“That was huge,” says her mom. “For all the damage to her brain, she could process that request.”

Linda was transferred out of the intensive care unit 35 days after the accident. She started the long process of speech and physical therapy at Cedars-Sinai before moving to a rehabilitation center closer to home. Over time, she progressed from a wheelchair to a walker to a quad cane to walking on her own. And today she is enrolled in a two-year program for people who have sustained brain injuries. It is held at Coastline Community College – a different campus but the same school where Linda used to teach swimming.

Danielpour does not predict, one way or the other, whether Linda, now 22, could yet realize her dream of teaching kindergarten. Here, after all, is a young woman who appeared to have little chance of surviving catastrophic injuries. “Today she is walking and talking,” he points out. “She has had some memory problems that are continuing to improve, but she is healing. She is slowly returning.”

Lori and Wendell noticed early in their experience that Danielpour refused to place any limits on what they might expect of their daughter, even when Linda was battered and bandaged almost beyond recognition.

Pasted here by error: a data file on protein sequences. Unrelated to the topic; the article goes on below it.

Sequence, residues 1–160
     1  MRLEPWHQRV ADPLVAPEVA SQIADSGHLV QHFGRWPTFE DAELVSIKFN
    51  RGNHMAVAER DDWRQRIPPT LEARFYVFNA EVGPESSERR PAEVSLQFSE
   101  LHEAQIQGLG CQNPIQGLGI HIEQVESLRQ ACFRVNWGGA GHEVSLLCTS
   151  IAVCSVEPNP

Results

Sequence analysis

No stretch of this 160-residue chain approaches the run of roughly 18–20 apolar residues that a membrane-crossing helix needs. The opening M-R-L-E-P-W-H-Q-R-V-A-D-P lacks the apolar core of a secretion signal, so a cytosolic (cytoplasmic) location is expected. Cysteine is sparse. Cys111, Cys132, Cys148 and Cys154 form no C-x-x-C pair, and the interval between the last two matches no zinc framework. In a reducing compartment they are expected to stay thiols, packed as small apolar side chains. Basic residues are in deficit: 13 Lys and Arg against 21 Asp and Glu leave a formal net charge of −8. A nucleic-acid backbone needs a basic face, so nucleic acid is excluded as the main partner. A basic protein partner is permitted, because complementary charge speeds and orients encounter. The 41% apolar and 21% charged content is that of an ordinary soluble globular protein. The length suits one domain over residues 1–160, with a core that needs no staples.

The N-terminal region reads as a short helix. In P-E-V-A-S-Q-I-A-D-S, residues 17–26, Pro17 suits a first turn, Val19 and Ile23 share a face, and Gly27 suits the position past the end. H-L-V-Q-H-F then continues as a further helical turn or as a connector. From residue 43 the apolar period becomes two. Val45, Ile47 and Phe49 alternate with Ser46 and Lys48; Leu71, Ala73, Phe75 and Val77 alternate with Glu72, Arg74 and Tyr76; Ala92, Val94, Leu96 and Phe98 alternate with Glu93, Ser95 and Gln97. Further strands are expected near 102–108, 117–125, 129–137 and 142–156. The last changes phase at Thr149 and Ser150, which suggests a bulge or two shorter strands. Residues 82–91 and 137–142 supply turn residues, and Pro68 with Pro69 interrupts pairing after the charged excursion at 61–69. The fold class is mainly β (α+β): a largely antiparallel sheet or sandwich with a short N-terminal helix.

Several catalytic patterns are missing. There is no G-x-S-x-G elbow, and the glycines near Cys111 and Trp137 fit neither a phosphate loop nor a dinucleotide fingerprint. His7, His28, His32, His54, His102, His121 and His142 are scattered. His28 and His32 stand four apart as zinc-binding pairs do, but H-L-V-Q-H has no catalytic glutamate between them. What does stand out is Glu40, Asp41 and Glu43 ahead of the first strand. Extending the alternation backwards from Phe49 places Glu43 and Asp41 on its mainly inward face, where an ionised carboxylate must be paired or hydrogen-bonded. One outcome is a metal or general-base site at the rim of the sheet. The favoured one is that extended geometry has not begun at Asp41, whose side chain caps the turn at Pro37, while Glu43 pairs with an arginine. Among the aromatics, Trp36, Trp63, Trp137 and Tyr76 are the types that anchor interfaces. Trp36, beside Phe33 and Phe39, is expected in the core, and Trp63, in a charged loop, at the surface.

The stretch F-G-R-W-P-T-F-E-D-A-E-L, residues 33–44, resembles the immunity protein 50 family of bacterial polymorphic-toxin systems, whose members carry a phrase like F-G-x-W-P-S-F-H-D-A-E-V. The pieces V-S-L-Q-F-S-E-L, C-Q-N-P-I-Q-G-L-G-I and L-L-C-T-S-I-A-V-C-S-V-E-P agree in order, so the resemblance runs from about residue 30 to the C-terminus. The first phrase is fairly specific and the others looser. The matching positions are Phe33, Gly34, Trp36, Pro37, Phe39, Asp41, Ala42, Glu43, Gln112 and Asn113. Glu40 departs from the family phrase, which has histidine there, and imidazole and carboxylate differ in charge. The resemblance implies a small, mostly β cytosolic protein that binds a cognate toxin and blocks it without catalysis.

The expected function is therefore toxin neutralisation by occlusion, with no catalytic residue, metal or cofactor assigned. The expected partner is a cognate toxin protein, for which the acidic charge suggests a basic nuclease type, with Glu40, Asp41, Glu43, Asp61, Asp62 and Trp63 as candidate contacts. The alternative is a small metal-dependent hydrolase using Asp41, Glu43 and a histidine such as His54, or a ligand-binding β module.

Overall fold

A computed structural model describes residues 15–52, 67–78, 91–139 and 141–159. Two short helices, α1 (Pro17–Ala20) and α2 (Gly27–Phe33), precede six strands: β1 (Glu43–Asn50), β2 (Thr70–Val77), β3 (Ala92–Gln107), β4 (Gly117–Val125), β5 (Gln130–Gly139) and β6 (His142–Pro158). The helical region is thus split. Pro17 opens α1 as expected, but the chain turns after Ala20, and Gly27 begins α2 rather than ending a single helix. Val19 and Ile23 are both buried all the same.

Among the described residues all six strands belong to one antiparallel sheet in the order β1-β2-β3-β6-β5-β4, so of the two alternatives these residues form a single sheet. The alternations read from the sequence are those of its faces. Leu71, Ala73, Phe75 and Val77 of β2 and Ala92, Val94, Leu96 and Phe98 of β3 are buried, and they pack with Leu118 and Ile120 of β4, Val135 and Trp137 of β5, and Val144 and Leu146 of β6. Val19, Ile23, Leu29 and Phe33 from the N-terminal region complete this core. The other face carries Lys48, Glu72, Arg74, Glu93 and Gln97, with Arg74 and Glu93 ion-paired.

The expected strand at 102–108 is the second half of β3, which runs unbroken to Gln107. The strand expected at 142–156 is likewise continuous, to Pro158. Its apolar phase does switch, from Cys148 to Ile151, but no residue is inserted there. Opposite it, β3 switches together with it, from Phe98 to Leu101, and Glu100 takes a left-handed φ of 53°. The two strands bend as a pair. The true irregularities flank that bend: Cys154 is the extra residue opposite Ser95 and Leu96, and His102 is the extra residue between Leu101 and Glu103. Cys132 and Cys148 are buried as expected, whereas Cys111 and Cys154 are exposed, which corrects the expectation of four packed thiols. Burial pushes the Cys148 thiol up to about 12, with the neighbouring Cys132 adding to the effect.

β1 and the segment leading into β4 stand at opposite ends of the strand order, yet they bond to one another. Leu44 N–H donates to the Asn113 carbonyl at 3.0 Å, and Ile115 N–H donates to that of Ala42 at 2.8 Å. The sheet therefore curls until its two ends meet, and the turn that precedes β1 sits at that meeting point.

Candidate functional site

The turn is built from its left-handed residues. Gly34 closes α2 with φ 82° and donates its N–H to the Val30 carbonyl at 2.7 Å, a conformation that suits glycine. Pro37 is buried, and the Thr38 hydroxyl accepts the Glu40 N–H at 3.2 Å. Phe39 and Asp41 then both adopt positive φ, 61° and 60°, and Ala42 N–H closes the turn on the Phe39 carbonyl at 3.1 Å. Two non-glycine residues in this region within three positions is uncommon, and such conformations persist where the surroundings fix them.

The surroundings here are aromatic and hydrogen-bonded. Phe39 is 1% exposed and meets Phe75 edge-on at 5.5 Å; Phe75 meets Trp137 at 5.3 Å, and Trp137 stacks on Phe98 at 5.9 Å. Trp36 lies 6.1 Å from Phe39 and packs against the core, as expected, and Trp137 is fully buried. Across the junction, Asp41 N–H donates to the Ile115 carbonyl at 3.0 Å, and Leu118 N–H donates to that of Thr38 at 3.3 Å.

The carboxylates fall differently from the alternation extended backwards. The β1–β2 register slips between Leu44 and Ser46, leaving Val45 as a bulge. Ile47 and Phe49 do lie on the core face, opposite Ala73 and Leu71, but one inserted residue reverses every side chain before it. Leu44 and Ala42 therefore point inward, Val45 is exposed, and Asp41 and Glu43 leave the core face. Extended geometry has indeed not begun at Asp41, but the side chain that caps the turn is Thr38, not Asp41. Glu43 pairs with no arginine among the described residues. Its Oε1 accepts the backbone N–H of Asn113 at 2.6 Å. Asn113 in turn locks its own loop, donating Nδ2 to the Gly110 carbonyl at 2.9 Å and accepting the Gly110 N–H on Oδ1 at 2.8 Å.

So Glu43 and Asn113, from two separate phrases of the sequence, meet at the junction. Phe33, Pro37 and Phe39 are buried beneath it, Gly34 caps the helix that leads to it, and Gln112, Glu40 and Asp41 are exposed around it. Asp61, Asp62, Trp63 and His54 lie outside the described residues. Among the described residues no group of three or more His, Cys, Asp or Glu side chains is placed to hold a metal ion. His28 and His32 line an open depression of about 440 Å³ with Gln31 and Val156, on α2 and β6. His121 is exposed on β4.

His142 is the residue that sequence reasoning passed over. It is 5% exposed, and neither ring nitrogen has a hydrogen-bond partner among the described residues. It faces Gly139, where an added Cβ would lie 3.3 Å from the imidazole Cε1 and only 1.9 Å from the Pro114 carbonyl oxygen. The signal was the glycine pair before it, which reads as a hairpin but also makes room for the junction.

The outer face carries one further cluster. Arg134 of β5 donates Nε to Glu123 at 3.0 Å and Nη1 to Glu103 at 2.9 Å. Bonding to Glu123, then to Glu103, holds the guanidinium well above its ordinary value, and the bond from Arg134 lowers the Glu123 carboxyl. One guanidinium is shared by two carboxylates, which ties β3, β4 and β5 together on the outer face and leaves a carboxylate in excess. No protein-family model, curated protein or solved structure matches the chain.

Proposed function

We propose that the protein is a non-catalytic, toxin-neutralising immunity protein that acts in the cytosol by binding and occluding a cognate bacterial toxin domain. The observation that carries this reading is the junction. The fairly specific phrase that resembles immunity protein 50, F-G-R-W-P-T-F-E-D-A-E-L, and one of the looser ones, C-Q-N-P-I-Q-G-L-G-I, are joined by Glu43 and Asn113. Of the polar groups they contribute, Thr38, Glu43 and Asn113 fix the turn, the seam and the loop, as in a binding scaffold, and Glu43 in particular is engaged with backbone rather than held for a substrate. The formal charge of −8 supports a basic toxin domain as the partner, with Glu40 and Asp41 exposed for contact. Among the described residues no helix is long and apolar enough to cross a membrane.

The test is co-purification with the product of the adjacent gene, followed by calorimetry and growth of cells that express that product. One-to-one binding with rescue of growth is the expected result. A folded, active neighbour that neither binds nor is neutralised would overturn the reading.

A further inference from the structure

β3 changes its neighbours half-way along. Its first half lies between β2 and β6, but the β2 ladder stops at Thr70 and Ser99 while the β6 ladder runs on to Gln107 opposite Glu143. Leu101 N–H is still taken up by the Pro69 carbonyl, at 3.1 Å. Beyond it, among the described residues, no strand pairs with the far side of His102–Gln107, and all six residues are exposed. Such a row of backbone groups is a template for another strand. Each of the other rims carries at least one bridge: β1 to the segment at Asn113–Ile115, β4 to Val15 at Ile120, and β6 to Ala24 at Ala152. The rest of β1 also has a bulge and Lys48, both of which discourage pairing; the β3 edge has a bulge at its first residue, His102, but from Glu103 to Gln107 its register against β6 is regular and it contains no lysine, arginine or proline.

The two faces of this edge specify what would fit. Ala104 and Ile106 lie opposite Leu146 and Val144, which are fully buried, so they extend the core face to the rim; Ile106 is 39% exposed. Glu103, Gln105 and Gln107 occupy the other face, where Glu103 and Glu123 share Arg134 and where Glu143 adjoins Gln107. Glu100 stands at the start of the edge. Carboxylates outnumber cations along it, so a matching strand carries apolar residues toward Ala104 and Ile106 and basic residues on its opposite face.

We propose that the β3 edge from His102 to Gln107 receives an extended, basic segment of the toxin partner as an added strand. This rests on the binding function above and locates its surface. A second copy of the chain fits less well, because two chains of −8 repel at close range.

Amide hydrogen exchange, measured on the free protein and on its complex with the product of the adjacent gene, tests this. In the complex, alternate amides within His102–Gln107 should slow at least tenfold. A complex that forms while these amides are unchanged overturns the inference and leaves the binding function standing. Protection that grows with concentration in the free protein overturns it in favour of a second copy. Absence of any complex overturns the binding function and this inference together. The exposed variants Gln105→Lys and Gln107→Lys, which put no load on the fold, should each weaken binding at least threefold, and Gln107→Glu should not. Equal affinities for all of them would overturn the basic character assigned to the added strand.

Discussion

“Like the other nurses and doctors, when Dr. Danielpour walked in, he looked at her as though he knew her, not like this is the head injury in Bed 7,” says Lori. “He always saw her. I felt that. He always treated her like our daughter who was going to be coming back.” “There was a time about a week after the accident that he took my husband and me into the hall and said they had done another scan. He said, ‘It looks worse than it did, and I can’t guarantee that she will come out of the coma or what she’ll be like when she comes out. But amazing things happen when you’re young. You just never know.’ He was preparing us but also giving us room to hope.”  

The need for hope is something Lori and Wendell knew even before Linda’s accident. Their son Cody, now 19, was diagnosed at age 13 with Asperger’s Syndrome, a high-functioning form of autism. The road to diagnosis, acceptance and coping was long and difficult for the entire family, but the couple learned to lean on each other. Then, this past August, Wendell was diagnosed with prostate cancer, for which he underwent surgery earlier this year.
 
As for Linda, she’s swimming again, and is working very hard at her Acquired Brain Injury school – even though she has had two semesters with no credit due to difficulty remembering where her homework is. She still loves music. She can speak clearly and walk well. She and her family have come to terms with the fact that she will never be exactly the way she was before the accident, but her strong spirit is undaunted. She went recently with a girlfriend to see Keith Urban in concert, and also danced at a friend’s wedding.  

“The important things are there,” says her mom. “She’s still the kind, loving, caring person that we knew before. She still has her sense of humor, and she still enjoys people in her life.”